Adobe also found consumers shifted to purchases of more day-to-day products and YipitData confirmed this trend toward practical, useful purchases.
It found that home goods bumped electronics out of the number one most purchased slot after two years when electronics led. YipitData’s Ariane Turley suggested this was a direct result of consumers scaling back high-ticket purchases.
In the broad home category, kitchen and dining was the breakaway best performing category. The kitchen and dining category includes cookware, bakeware, dinnerware, cutlery, kitchen and table linens, utensils, kitchen stores and appliances.
And unexciting but much-needed vacuum cleaners and floor care also were prime movers within the broad home segment during Prime Days. YipitData also found an uptick in tools and garden/patio purchases this year compared with Prime Day last. Beauty was flat and apparel down.
These results suggest that retailers should be well-stocked in everyday essentials and practical gift items this holiday season. Gift choices that leaned toward indulgence items last year will likely be passed over this year in favor of things people need and will use. And consumers are likely to gift more ever-reliable gift cards to let recipients make their own choices.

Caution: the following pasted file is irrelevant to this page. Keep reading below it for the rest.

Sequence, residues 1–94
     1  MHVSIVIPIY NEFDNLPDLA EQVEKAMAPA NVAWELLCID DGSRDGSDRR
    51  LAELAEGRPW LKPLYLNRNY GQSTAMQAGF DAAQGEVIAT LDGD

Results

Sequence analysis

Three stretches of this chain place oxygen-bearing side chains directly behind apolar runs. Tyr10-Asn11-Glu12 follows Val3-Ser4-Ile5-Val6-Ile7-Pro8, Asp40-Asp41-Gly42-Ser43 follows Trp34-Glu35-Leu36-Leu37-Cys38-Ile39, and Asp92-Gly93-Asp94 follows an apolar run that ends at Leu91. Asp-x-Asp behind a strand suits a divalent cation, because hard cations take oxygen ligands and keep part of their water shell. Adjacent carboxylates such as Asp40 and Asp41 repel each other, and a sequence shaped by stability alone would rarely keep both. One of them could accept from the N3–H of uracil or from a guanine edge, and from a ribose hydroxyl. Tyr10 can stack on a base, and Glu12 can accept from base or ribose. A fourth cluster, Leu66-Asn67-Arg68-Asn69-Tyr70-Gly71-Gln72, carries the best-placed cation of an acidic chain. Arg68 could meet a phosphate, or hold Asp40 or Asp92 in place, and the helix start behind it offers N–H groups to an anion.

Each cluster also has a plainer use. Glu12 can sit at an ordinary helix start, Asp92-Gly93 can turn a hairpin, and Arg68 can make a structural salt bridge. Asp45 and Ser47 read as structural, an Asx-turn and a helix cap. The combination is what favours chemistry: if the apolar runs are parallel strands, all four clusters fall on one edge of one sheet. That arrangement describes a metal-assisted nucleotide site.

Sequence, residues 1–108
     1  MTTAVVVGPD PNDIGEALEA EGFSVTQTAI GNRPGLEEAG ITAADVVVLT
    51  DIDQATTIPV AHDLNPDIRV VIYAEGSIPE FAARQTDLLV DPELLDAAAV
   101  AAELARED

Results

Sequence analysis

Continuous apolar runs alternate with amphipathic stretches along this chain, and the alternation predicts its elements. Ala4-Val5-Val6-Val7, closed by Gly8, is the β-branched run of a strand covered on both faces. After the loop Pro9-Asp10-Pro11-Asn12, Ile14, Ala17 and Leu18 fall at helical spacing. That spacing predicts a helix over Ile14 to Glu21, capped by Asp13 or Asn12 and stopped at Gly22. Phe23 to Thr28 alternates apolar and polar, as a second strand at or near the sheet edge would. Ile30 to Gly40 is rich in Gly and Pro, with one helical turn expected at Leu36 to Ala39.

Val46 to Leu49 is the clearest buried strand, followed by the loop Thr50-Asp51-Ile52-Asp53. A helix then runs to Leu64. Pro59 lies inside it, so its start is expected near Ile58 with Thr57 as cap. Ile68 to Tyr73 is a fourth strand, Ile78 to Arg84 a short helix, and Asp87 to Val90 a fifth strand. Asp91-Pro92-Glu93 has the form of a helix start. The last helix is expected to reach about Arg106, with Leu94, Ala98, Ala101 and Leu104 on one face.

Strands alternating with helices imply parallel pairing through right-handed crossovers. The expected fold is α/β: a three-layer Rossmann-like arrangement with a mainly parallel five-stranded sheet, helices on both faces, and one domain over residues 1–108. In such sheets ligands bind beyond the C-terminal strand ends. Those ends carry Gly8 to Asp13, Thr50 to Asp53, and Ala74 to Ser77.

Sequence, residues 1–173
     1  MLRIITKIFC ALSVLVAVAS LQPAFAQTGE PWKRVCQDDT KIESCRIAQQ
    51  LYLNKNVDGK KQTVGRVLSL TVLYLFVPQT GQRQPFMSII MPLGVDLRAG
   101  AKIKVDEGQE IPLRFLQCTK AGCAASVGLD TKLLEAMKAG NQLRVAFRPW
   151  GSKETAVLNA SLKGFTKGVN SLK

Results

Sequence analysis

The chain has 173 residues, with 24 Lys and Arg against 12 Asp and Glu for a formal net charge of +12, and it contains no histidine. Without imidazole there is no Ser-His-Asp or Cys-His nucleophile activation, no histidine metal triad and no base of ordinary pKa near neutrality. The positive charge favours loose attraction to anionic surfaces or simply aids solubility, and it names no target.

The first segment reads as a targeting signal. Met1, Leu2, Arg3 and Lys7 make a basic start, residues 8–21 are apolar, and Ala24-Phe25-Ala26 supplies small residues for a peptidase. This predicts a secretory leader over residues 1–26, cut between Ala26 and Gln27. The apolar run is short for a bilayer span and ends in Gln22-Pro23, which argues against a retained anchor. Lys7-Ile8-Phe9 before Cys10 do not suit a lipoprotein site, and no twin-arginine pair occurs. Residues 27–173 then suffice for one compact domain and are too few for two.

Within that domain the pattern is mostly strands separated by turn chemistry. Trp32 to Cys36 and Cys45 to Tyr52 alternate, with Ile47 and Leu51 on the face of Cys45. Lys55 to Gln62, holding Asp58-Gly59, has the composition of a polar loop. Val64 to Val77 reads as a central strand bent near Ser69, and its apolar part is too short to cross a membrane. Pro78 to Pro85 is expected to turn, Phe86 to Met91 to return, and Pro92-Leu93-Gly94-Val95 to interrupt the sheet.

Target over Walmart
Numerator found that after Amazon Prime Day, which had 95% consumer awareness, Target Deal Days were right behind, known by 84%. Walmart+ Weekend was a non-starter, recognized by only one-third of consumers surveyed.
Further, Target DD drove more customers to shop, with 57% saying that was the primary reason they shopped Target compared with 41% for Amazon Prime Day.
And Target led in overall customer satisfaction. Over 80% of Target shoppers were highly satisfied with their experience compared to 64% for Amazon Prime Day.
While a majority of Walmart+ Weekend shoppers were also highly satisfied (69%), it just wasn’t the draw for shoppers compared with Amazon or Target. Some 52% of Walmart+ event shoppers said it had little-to-no influence on their shopping choice.